Pop quiz for the smartphone manufacturers out there, and the U.S. operators that approve their over-the-air updates:
Which of the following times are OK to automatically apply a system update?
- First thing in the morning, when you're just getting caught up on the night's emails.
- Lunchtime, because what else would you need your phone for.
- After dinner, when you should be reading yourself to sleep with a nice book.
- When driving down the highway at 80 mph, phone plugged in to Android Auto.
The answer, of course, is NONE OF THE ABOVE.
But that's what folks have been dealing with this week as both AT&T and T-Mobile pushed out system updates for the LG G4.
We've always had a bit of a conflicted relationship with firmware updates, of course. On one hand, Android as a platform wasn't designed for there to be one update to rule them all. Google releasing code doesn't mean you'll magically get the latest and greatest version of Android on your phone by the end of the day. (Or even by the end of the year.) Android updates aren't easy. Ask any manufacturer about a maintenance release, as they're called, and they'll quickly tell you why they're not that much fun to do. So when we do get an update, we generally want it as soon as we can get it.
And while manufacturers are getting better at getting updates out more quickly after Google releases new code, that doesn't mean all is well. Far too often we hear about things breaking after an update. Maybe files are missing. Or apps suddenly don't work. Or, worse, your phone or tablet becomes unusable. It happens, and it's not good. So maybe waiting is good.
Updates either take forever to arrive, or they show up at the worst time. Detailed changelogs are a must, and we need to be able to delay an installation.
But we need to talk about this week's update to the LG G4, which received some sort of maintenance release. We're not entirely sure what's changed because we haven't seen any real changelogs for the 10h update. (T-Mobile, for what it's worth, buried in its support pages mentioned that the "mandatory" update "improves software stability." No more, no less.) And that's bad enough. Worse is that for many of us the update was pushed — and then installed — without any sort of warning on the phone itself. Hope you were on Wifi. Hope your phone was charged. (There's supposedly a check for that last one, but, again, transparency is key here.) Hope you were, ya know, in the middle of something important. On the phone or answering an email or playing a game or something. Me? I was right in the middle of No. 4 in that little quizzy above. Driving. Phone plugged and running Android Auto. Good thing wasn't relying on Google Maps just then, or I might have had to pull over for the 25 minutes it took for the update to install and the apps to re-cache.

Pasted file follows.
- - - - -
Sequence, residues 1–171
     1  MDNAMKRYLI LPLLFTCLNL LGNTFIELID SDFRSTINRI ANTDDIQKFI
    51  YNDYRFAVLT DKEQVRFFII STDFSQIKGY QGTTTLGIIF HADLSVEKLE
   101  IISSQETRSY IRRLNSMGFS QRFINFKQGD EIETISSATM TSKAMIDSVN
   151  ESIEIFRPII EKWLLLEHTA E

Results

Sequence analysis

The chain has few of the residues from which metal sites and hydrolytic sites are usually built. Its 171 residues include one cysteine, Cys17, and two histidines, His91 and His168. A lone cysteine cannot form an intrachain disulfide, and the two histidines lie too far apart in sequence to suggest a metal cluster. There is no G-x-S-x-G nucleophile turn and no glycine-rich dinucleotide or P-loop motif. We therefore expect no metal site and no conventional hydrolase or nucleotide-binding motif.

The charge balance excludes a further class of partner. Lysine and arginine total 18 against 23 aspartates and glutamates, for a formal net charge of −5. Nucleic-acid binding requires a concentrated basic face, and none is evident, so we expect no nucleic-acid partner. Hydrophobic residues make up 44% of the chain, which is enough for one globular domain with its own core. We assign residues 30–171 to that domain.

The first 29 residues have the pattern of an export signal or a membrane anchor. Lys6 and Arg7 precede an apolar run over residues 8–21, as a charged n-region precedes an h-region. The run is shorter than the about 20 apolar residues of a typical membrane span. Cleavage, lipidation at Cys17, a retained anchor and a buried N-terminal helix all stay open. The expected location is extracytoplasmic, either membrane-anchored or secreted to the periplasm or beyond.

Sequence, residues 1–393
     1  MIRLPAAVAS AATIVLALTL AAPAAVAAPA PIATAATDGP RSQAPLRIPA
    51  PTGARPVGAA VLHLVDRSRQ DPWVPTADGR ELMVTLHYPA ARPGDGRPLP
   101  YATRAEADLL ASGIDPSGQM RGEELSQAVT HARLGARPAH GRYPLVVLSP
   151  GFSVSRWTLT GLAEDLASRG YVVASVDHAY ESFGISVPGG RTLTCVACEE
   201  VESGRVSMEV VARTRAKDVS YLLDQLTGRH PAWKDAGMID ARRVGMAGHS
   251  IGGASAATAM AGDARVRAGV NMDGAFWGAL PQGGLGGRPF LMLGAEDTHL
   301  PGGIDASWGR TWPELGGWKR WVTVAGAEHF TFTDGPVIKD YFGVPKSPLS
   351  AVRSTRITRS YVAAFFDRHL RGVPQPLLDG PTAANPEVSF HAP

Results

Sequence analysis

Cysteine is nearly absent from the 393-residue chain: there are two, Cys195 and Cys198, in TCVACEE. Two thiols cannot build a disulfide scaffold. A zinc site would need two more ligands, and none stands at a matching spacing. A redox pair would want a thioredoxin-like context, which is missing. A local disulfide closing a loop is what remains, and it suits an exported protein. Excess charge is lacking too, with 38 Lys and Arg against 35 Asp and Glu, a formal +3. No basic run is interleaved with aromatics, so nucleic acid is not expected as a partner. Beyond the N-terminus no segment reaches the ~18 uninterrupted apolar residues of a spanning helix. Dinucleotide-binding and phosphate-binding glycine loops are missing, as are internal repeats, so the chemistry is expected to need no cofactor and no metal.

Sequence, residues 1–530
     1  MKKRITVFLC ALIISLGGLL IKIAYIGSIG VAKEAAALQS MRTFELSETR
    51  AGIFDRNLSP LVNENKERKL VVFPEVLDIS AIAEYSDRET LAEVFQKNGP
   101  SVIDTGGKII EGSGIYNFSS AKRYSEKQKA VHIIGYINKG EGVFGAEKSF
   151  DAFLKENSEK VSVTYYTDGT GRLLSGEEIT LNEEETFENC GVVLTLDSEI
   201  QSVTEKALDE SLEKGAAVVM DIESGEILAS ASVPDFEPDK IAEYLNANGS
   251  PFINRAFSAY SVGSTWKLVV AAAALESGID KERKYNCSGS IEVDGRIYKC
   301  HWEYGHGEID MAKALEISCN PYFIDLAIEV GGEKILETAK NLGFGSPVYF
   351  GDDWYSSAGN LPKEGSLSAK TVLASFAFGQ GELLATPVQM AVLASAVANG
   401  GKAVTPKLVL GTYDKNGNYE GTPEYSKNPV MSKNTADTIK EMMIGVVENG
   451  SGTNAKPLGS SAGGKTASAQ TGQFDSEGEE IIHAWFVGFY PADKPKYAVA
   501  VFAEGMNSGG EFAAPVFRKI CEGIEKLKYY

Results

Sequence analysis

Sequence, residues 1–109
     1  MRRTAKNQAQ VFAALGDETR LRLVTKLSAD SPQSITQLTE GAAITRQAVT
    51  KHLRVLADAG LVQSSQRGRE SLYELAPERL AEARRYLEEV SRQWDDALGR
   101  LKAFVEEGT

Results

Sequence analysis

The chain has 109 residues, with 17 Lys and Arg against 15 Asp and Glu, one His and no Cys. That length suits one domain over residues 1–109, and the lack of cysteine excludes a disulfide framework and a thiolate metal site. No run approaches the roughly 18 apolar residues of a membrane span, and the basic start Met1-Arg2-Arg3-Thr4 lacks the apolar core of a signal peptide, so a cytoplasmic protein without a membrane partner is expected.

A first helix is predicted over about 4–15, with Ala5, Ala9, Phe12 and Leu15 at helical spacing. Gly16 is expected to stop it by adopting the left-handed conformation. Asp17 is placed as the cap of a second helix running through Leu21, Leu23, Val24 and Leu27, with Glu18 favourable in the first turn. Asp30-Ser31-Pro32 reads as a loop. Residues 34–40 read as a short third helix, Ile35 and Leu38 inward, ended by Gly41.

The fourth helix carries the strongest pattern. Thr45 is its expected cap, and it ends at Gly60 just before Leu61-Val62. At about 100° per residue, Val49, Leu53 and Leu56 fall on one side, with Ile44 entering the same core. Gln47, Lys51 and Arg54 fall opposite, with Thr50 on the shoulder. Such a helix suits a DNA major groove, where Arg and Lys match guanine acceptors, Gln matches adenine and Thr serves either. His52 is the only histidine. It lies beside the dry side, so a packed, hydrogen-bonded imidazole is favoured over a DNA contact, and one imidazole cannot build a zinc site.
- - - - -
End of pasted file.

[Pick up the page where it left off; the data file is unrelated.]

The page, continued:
That is simply unacceptable.
We asked AT&T and LG for comment. Both said they were checking on the update, but neither got back to us beyond that.
Here's how it's looked to folks in our forums. Said Espio of the 174-megabyte T-Mobile update to 10h:
Nice of them to push out this update without giving me the choice to take it now or later. Nothing like having your phone giving off a blinding bright screen in the middle of the night.
And while the AT&T update was much smaller, it still caught folks by surprise. Wrote ansextra:
I just got the update but wasn't given an option. I picked up the phone and saw a message that the update was successful. I guess I missed my 30 second window.
So if you actually saw the update notification, that's great. At least you had a little bit of a warning. If the phone updated itself overnight while you slept, well, that's still not great, but it's better than being interrupted, I suppose.
But LG, AT&T and T-Mobile need to know this: Mandatory updates are OK. (I get that folks would rather have complete control and reject updates if they want, but that's also something I wouldn't recommend.) But not letting us chose when to install them is just a short hop ahead of sending out an update that breaks things. Maybe this was just a one-time oversight. Maybe it'll never happen again. But it happened this time, and all the parties involved should know better.